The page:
negative force, it is only because of a misunderstanding, but basically there is a desire for everyone to be free, to have development, to be beautiful, to be rich, to be whatever. Do you think Filipinos expect too much from America? No. I think it is on the contrary, it is Americans who expect too much from the Filipinos. They don't realize how much we have been behind and how much history, how history has treated us and at the same time, how small we are. But let me rephrase the question. Do you think that Filipinos expect America to be there all the time to help them? Do you think Filipinos, when I say expect, have too much of a dependence on America? No.
I don't think so. Actually in the ideology that the president conceptualized, where in self-reliance was one of the foundation for development, that the human resource was the most valuable resource and from their own self-reliance was going to be the foundation and the basis for our development program. I think it is the other way around. There is so much of expectation from the Philippines because we tried our utmost best to be just as developed and as efficient, as effective, as you, with your modern technology. And when we could not get into that, because we were just going, remember, we were going in the first wave of development, which was agriculture. And Marcus, we came present, we did not have even enough rice to feed our people. Then we had to go in the second wave industrial, then we were met with the energy crisis, then we go on Thursday and the third wave.
Thanks God for that, because when President left, we had about two million people working abroad, exporting service rather than just raw materials and other things. You put it in personal terms. Do you think that you, let me put this way? Have you been disappointed, given the conditions today of having to leave and so forth? Disappointed by the United States? Yes and no, but not really, sincerely, otherwise, I'm sorry, just a stop again. It's only because I'm not going to, the question is not going to be there, so if you can introduce the subject, I mean. But if I was considering our circumstance now, I'm disappointed with America, yes and no, but not really, no, I'm not disappointed, really, I'll give you a little example of this. When the President, some people will say, are you disappointed with America or the way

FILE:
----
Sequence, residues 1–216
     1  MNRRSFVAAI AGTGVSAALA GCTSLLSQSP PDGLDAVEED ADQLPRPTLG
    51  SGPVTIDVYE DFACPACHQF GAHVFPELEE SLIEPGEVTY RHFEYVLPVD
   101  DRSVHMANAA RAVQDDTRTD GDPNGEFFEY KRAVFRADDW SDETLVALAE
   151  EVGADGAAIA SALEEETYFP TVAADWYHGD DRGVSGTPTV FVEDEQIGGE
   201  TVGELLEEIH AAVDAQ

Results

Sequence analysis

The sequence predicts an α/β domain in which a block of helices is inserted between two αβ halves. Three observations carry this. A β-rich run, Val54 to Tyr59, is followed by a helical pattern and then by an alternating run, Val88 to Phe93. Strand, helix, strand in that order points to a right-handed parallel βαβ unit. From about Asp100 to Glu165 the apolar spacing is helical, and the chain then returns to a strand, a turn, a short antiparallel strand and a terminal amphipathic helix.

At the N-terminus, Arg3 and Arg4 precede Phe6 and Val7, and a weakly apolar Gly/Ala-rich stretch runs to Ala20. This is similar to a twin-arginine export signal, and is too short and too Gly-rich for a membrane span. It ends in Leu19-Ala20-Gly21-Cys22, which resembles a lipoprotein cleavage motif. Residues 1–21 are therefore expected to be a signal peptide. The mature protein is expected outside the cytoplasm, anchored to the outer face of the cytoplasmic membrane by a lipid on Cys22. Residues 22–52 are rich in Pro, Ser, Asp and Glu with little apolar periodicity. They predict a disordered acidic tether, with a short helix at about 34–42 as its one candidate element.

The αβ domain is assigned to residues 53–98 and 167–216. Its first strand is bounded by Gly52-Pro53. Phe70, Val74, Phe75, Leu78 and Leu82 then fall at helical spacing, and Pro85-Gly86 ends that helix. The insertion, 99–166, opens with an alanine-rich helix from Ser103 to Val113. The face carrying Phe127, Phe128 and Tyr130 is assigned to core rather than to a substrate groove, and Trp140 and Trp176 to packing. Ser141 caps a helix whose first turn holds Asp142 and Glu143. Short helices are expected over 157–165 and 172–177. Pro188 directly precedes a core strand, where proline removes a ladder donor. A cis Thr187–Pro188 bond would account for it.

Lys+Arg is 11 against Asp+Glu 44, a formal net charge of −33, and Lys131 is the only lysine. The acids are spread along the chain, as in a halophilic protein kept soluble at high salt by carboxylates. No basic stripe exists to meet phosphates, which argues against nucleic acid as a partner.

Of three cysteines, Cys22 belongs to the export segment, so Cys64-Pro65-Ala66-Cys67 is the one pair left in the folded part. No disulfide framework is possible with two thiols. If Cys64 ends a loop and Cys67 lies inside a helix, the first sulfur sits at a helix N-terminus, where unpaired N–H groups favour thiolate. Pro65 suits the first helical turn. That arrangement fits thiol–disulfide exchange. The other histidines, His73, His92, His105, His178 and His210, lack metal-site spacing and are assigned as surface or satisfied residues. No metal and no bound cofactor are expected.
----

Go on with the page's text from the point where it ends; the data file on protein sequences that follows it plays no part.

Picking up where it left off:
you were retreated and the like and blaming the coming here without our knowledge and all of this thing. So the President said, you know, this reminds me of the Philip of Macedon when it was about to die and he was telling his son, Alexander de Great, he said, son, soon you are going to be king and leader of your country. Just remember, you can depend on no one except yourself. When you are leader, there are no friends nor allies, you're number one, you can depend only on one and that is you. And so this is a great lesson and this was, this is the reason why it is part and one of the foundation of our ideology, self-reliance, so we had a self-reliance movement. For this is part of a colonial mentality that we were trying to get out of our people,
wherein we were always dependent on our colonial master. It is not there or there or there or there or wherever that you will get your success, your future, it will start from here, even God says, God, it is said that even only those who help them, God helps only those who help themselves. So we still, we sincerely believe on the self-reliance, disappointed in the fact that they did not understand maybe that what we were trying to do was really to be as developed as America, to be as successful in technology, in science, in many aspects of life, like America, economic development or whatever.
But not disappointed that you were not helping us because we knew from the start that the foundation and the beginning of helping ourselves is ourselves, through self-reliance. By expecting that my life will come from them or from them would be wrong, but what was a little frustrating and disappointing was the fact that they will say, why are you still poor? You were only 19 years old as an independent country when Marcus became president and after World War II when Manila was leveled to the ground like Warsaw, and it was a demoralized people after 400 years of colonization from so many major powers of mankind. And plus the fact that also we were in a crisis of identity. We were so demoralized because out of 17 million people went one million dead in World War II.